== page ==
But how would the single bits be distributed? If I pick 00 as my 'signal', then the patterns 10, 01, and 11 are 'noise'. So 4/6 of the 'noise' would be ones, and (4/6)x(3/4) = 1/2 of the total signal would be ones. If I pick 11 as my 'signal', the noise is only 2/6 ones, which works out to 1/4 the total being ones from the noise, and since the signal 1/4 is all ones in this case, it works out to a 50%-50% total again. And if I choose 01 or 10, half the noise is ones, as well as half the signal.

So half the stuff being received is 1s and half 0s, and 1/4 is each of 00,01,10,11. Your message gets received 1/4 of the time. But you have no way of knowing which 1/4 it is.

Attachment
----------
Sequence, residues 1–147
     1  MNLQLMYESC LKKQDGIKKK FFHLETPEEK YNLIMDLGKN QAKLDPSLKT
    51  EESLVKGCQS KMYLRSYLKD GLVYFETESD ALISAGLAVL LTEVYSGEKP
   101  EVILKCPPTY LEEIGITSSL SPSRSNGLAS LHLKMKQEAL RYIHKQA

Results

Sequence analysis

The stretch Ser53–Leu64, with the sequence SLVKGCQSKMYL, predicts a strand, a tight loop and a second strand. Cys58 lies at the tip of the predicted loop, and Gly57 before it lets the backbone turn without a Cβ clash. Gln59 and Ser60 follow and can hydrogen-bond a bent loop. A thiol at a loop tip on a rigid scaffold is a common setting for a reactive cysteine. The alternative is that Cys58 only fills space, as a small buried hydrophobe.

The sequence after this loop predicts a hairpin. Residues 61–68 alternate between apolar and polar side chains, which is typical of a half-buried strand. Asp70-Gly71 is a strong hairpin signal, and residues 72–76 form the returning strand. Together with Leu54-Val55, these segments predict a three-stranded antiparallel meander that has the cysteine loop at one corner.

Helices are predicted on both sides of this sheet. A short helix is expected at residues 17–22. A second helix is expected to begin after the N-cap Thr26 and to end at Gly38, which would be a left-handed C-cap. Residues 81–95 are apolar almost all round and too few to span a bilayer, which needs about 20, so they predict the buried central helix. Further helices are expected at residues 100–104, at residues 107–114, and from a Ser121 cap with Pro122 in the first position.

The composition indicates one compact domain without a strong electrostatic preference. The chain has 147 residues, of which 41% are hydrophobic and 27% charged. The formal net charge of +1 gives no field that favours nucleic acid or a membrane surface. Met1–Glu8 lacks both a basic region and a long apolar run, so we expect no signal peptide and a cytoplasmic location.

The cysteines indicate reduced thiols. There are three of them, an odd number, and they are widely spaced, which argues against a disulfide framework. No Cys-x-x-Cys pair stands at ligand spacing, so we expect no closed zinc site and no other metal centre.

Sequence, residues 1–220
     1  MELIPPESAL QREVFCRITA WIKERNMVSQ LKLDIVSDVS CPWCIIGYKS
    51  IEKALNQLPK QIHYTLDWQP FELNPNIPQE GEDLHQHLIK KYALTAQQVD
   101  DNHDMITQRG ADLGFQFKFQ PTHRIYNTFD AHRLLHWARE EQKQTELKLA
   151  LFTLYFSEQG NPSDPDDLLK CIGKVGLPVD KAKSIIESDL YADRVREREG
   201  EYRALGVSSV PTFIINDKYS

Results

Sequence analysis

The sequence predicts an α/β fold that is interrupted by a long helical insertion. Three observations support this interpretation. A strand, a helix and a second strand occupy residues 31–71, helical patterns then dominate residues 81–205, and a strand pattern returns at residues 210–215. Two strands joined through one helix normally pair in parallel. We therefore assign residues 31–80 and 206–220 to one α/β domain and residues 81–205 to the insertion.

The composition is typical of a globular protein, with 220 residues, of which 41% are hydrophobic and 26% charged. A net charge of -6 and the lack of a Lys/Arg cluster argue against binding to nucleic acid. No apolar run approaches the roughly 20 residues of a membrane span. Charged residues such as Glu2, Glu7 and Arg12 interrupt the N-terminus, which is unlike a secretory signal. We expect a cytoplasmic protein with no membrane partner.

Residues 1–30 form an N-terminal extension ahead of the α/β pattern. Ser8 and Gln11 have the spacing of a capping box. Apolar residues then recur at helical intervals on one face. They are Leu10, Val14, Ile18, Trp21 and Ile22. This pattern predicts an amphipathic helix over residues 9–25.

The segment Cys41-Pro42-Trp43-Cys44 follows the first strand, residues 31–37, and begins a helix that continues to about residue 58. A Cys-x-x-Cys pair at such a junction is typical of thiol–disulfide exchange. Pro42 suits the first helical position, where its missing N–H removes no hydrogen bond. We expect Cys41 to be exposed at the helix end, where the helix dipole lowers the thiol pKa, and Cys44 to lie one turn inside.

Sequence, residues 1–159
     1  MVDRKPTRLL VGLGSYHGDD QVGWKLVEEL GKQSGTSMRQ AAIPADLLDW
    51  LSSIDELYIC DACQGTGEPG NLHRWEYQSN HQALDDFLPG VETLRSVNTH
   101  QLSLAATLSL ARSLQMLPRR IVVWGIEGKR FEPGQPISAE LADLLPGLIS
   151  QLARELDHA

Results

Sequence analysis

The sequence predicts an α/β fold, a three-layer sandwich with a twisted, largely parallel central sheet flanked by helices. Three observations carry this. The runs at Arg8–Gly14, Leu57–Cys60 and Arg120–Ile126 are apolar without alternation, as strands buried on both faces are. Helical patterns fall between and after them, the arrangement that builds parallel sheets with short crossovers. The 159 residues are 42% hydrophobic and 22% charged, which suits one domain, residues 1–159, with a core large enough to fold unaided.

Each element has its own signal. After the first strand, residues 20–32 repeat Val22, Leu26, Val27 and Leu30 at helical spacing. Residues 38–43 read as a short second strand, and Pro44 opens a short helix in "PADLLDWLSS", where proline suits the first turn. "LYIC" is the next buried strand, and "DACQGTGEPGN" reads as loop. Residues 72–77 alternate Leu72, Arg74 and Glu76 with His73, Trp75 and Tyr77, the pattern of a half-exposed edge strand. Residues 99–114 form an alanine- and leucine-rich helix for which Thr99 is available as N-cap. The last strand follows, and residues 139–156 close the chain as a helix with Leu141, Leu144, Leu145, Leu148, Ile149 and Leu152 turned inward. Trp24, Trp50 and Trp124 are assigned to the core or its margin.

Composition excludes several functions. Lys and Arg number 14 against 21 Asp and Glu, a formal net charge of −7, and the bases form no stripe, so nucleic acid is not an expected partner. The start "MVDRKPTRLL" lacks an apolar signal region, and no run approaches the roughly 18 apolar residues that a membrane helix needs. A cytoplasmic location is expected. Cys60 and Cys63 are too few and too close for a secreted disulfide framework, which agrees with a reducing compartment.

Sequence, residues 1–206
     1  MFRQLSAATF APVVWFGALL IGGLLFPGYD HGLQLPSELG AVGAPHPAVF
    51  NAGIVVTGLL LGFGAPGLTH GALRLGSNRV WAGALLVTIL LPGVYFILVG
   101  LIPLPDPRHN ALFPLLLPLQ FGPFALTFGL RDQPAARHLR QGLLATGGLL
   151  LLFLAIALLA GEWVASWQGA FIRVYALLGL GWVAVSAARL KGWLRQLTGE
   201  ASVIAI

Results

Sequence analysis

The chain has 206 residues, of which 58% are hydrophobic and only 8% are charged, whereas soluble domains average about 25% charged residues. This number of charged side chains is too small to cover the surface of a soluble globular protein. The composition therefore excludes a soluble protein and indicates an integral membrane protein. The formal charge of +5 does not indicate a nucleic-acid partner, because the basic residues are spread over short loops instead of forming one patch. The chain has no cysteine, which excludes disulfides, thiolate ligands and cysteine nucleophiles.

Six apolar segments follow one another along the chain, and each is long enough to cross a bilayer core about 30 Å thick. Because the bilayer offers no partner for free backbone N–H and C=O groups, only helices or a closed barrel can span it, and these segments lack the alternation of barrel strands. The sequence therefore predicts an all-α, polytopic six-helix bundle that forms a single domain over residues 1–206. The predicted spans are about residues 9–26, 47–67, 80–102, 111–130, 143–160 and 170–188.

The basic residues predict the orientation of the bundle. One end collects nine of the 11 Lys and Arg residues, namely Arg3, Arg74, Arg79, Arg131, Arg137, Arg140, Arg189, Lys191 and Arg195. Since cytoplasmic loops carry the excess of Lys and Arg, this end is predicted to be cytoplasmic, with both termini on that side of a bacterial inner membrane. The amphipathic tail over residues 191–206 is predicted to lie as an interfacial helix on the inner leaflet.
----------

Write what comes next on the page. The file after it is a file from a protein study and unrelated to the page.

3. Jun 25, 2010

### wschlanger

If I want to send a classical bit S then this is the procedure:

1. Generate entangled particles, send half of them to Alice who has the message S to send and half to Bob who wants to receive the message.
2. Let Alice prepare a qubit Q such that it represents the classical bit S with 100% probability
3. Let Alice operate on the qubit Q and the entangled particle.
4. Let Alice detect the result of this operation two different ways, yielding 2 classical bits.
5. Let Bob receive the two classical bits. This is the classical channel.
6. Let Bob also receive the entangled particle. This is the quantum channel.
7. Let Bob detect the entangled particle two different ways depending on the two classical bits, and put the information together.
8. Bob has now received S.